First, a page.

France

Will Rogers had a lot to say about France and its politics, especially when it came to its history, its debt and its relationships with England and Germany. He also visited France on a few occasions. Will’s first "talkie" movie was “They Had to See Paris” in 1929. Will performed in this movie with famous French actress, Fifi D’Orsay. Will also made a silent picture, “Prowling Around France With Will Rogers” in 1927.


“It has always seemed to me rather a coincidence that everybody attempting this swim has tried to go from France to England. Now there are a lot of different ways of interpreting that. Is the distance shorter from France to England than from England to France? England has always been afraid that it was. Would it be official if you made the swim away from England? It’s kinder a slam against France, people wanting to leave there so bad that they are willing to swim away. Or does the Almighty figure that the reason he don’t allow any of them to make it is because no sane person should be leaving France.” – Weekly Articles, 1925


“All we read in the papers today out here is riots in Paris and taxicab riots in New York. We know what they are fighting over in New York. They are fighting over a nickel, but nobody (even in France) knows exactly what they are fighting over. France has got more different political parties than any nation on earth. There is over thirty different parties represented in the House of Deputies. Now in a fight on the street there is not that many different kind of badges to wear. Well it’s good to see France sore at somebody besides us.” – Daily Telegrams, February 8, 1934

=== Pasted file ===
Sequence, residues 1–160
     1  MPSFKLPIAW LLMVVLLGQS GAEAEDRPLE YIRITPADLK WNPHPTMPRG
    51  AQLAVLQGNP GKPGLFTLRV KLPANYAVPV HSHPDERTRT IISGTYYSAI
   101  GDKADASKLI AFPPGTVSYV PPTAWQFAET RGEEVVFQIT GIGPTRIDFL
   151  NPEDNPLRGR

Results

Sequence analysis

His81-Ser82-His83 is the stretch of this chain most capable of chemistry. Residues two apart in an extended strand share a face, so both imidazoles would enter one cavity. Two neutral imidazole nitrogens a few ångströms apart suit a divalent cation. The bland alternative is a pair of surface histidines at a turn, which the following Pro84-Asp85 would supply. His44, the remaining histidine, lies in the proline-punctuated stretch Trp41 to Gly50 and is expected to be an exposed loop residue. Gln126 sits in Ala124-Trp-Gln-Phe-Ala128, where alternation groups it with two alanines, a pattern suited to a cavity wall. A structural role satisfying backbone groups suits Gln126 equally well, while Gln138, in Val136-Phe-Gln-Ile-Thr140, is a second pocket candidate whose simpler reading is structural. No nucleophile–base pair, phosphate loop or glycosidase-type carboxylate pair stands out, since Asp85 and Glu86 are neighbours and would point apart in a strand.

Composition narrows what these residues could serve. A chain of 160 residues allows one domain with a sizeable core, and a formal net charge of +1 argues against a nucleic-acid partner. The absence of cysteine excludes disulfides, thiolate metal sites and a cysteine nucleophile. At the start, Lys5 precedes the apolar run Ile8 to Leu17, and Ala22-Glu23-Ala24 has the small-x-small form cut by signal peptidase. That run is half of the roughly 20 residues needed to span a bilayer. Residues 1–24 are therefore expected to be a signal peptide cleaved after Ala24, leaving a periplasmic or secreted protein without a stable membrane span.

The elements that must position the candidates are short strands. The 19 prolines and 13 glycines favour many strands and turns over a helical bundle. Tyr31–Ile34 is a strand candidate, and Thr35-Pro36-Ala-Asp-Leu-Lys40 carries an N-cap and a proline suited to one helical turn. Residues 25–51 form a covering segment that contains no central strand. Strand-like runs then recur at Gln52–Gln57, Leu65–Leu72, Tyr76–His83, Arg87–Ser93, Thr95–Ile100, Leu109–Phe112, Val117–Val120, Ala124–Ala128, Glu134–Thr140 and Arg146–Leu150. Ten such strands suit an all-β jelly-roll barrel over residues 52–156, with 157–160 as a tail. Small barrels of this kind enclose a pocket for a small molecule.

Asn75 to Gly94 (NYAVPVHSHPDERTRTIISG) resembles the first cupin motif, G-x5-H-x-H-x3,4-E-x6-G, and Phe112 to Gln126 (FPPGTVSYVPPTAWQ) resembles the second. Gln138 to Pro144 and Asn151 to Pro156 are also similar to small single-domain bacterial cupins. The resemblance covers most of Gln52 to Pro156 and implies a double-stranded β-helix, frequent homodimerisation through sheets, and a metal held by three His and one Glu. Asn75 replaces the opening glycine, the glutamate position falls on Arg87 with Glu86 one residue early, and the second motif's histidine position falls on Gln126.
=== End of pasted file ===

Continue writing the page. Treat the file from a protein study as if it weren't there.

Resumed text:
“America and France signed a treaty that they wouldn’t fight each other. Now, if we could just sign one with some nation that there is a chance of having war with, why it would mean something.” – Daily Telegrams, February 7, 1928


“On the Riviera in France they found a bunch of people wearing no clothes and not particularly caring who they were married to and they called it a cult. Over here we call it society, and lack of dress is standard equipment.” – Daily Telegrams, October 26, 1927


“France had a historical day yesterday. One Premier stayed in till pretty near 3 o’clock in the afternoon. It was raining and they couldn’t get there to vote him out earlier.” – Daily Telegrams, February 26, 1930